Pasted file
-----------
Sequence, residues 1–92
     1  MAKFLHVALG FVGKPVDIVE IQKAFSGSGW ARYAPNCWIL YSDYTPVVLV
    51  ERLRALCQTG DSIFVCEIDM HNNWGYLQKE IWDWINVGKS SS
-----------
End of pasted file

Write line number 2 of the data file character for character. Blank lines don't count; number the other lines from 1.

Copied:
     1  MAKFLHVALG FVGKPVDIVE IQKAFSGSGW ARYAPNCWIL YSDYTPVVLV